After their debut with the romantic thriller “The Blind Date”, T-Factory Entertainment is at it again with “Avalum Naanum” (Her & I), a short film that talks about the stigma of depression in the South Asian community.
Eleven years ago, my father passed away. I was young. And I remember how I tried to make sense of it. Parents are significantly older than their children. They have “adult ailments”. And sometimes, that leads to death. Parents die. I suppose it’s normal. But I wasn’t given much time to think about it.
I was born on October 30th 1989, in Jaffna Sri Lanka. My parents, sister and I immigrated to Canada in 1994 when I was 4 years old, taking up residence in every rundown apartment that Montreal had to offer.
If you’ve met me, odds are that you would say that I’m a social person, but did you know that I have social anxiety? To most people, going away on holidays with friends is exciting and it really was for me, until a few days before I was set to go to Budapest. The truth is when we had to check in – PANIC!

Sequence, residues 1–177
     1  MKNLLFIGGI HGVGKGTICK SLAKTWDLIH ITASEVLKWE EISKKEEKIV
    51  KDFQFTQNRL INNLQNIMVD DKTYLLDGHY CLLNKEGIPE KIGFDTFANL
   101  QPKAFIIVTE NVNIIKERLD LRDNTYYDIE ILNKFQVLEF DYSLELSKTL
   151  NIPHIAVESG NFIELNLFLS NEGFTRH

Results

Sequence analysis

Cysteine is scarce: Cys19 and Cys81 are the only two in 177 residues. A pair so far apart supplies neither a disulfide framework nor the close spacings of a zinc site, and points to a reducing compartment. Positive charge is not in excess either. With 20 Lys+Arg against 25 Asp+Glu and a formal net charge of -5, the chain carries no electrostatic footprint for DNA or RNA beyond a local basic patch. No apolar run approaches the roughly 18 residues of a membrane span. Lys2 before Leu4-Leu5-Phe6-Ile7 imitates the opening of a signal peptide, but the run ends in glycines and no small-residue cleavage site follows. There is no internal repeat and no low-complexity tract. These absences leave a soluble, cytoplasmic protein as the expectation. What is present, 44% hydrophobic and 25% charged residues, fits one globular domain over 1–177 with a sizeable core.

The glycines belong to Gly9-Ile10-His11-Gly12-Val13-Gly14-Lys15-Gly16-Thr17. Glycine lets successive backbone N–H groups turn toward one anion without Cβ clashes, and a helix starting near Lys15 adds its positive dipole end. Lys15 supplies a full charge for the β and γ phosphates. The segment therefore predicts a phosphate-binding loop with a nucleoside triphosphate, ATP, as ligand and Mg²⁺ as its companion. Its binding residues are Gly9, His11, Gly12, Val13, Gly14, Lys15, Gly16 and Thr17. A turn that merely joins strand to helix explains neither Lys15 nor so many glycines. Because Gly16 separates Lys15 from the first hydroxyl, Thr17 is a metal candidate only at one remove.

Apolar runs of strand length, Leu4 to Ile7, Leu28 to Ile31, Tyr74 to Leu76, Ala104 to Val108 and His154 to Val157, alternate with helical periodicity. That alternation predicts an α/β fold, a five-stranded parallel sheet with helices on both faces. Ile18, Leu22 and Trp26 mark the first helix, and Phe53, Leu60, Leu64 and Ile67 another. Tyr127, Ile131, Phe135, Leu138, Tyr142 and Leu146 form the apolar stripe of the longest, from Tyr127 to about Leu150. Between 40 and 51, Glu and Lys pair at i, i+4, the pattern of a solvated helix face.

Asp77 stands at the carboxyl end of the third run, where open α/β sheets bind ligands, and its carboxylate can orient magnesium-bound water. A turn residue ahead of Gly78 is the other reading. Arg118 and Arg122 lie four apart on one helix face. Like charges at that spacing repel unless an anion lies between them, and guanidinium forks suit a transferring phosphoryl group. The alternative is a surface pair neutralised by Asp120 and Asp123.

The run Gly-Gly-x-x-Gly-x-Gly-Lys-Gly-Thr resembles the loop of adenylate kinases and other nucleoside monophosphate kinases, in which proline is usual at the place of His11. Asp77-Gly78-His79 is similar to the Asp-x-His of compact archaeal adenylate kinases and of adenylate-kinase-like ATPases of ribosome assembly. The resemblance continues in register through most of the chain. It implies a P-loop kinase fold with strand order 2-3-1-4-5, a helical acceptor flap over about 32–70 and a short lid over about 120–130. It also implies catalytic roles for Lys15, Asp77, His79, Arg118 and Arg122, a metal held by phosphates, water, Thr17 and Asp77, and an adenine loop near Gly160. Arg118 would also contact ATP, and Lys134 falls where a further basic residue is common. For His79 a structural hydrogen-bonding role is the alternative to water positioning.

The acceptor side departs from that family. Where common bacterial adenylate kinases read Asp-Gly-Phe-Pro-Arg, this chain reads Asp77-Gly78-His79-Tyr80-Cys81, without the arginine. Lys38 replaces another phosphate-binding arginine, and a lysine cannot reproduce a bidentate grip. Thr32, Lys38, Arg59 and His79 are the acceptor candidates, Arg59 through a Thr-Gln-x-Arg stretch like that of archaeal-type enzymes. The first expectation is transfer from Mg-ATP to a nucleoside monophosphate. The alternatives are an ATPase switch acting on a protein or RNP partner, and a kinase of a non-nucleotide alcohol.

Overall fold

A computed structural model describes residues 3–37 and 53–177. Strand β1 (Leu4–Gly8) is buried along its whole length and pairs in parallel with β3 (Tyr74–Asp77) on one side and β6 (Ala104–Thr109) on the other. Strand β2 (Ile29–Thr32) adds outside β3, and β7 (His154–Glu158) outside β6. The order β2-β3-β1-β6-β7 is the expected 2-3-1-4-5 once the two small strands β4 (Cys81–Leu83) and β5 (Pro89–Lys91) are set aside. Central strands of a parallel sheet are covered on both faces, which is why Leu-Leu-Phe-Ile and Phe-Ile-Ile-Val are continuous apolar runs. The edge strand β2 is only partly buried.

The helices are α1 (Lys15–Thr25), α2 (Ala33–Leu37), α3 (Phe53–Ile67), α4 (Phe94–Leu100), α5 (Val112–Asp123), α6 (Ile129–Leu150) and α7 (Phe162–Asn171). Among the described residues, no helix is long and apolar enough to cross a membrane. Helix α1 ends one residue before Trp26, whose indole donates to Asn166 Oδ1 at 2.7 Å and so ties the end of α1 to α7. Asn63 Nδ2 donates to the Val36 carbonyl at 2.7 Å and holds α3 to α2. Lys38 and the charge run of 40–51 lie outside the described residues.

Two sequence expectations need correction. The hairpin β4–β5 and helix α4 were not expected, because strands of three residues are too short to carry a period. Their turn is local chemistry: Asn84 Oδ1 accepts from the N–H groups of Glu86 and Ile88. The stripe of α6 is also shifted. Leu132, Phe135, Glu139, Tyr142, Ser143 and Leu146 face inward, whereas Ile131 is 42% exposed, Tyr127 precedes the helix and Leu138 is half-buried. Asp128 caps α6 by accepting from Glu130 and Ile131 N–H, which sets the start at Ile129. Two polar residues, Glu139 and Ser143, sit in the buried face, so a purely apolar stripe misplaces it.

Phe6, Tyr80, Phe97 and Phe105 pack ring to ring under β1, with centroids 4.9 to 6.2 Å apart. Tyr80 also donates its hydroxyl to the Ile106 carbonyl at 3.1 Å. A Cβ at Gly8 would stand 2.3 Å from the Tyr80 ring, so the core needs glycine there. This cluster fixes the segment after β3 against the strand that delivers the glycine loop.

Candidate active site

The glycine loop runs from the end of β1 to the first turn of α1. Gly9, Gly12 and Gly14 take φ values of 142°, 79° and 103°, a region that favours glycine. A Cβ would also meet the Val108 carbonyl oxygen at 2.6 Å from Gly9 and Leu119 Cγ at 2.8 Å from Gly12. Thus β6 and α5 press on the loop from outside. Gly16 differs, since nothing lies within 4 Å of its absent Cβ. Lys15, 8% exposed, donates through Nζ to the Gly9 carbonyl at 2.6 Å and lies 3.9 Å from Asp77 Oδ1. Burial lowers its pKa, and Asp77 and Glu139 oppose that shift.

Everyone has ups and downs, but even that statement is not widely accepted in our community. When I was diagnosed with depression at the age of 14 and I came and told my parents, their response was that the doctor was an idiot and didn’t know what he was talking about. Of course I believed my parents and never bothered talking about it again, nor did I even try and explore it further.